And while I'm not sure this is a formal requirement for a promotion/career advancement in the US, certainly some European systems will explicitly require that an academic has supervised a number of PhD students to completion, so I would assume it is an important factor in the US.

Early career researchers (and in general, academics in more postdoc-oriented systems such as the UK) will rarely have PhD students "lined up" one after the other. So if the first or second PhD student of a supervisor drops out of the programme, it might add a couple of years before the academic will be able to claim they supervised a PhD student to completion (which is often needed for career advancement, as well as grants certain advisory/supervisory independence to the academic).

1

A student dropping out or the professor categorically failing that student will absolutely not hurt the professor, as there is no mechanism for that to happen. Of course, this will give the department something to spread rumors about, but there are no consequences. There are no written policies to punish professors for not ensuring success.

There is only one universal truth: funding.

A PhD student dropping from a program will not have any affect whatsoever on that professor's ability to gain funding, and as a result, there are absolutely no negative consequences. That professor is infinitely more valuable and visible to that department than is the student. The 'last man standing' is the professor, and the student will get flushed down the drain. The professor can then say or do anything to justify why that student wasnt able to perform. God forbid they take any responsibility, because that would inevitably involve a failure on behalf of the entire department. That is not realistic. The student is at fault. period.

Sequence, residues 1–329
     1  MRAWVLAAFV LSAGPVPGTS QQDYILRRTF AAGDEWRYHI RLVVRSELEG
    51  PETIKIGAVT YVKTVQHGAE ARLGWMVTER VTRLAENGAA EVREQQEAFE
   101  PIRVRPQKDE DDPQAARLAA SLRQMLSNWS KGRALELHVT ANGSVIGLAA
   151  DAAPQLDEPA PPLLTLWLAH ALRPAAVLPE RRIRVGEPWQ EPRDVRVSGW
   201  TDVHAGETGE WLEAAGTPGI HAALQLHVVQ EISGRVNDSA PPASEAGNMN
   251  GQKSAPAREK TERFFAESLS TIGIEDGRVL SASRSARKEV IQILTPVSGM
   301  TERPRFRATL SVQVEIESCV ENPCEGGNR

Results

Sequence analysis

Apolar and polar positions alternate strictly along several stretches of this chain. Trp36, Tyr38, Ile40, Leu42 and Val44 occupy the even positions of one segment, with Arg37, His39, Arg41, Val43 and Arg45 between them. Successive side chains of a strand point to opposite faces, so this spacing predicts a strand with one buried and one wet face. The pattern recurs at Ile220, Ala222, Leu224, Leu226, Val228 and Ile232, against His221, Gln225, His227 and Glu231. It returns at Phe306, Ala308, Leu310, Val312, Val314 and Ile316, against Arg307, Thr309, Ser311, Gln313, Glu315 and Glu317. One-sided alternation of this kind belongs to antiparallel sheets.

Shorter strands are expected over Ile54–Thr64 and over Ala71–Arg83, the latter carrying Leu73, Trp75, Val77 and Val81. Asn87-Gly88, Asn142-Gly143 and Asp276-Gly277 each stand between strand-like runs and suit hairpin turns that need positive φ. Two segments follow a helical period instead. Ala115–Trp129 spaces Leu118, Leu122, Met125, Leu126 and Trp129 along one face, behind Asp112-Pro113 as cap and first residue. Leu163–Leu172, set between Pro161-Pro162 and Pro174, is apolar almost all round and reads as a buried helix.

Success is rewarded. Failure is externalized.

5
  • 4
    It depends. If the prof is the PI of a grant-funded research project, and the grant funds a PhD student who is in charge of a work-package of this project, then the prof has a problem if the PhD student drops out. Replacements take time to find and transitioning between the quitting and incoming PhD student isn't easy. As a result, the project's success is endangered, which hurts the prof's chances of obtaining grants from the same agency in the future.
    – henning
    Sep 2 at 13:52
  • 3
    That assumes professors get grants competitively and not from corrupt cronyism. My project was funded from the latter.
    – user140367
    Sep 2 at 13:57
  • Yes, it does.⠀ ⠀ ⠀
    – henning
    Sep 2 at 13:59
  • Yet - and I agree with so much of user140367 has said - there may still be bursary funded PhD programmes which are reserved for say students from a distant country, e.g. China, India or S. Africa. It often happens that the other (local) PhDs tend to patronize foreign students to the point of bullywork. If a PhD quits in such circumstances, they will usually have a bursary trustee to complain to and it's very unlikely that the dept or supervisor in question will ever enjoy another of those bursaries. Such bursaries are naturally very few.
    – Trunk
    Sep 2 at 15:32
  • Some of this may be true in the US and other countries. It is emphatically not true in the UK, where all PhDs are externally funded and the department/supervisor is answerable to the funding body. But a bigger problem with this answer is that it assume that a student leaving a program is always a failure. As @Dikran Marsupial points out in response to my answer, a student leaving a program can be seen as a success if it enables them to discover what they do and don't like, and realise they can get the things they want without a PhD. Sep 3 at 9:02

Your Answer

By clicking “Post Your Answer”, you agree to our terms of service, privacy policy and cookie policy

Not the answer you're looking for? Browse other questions tagged or ask your own question.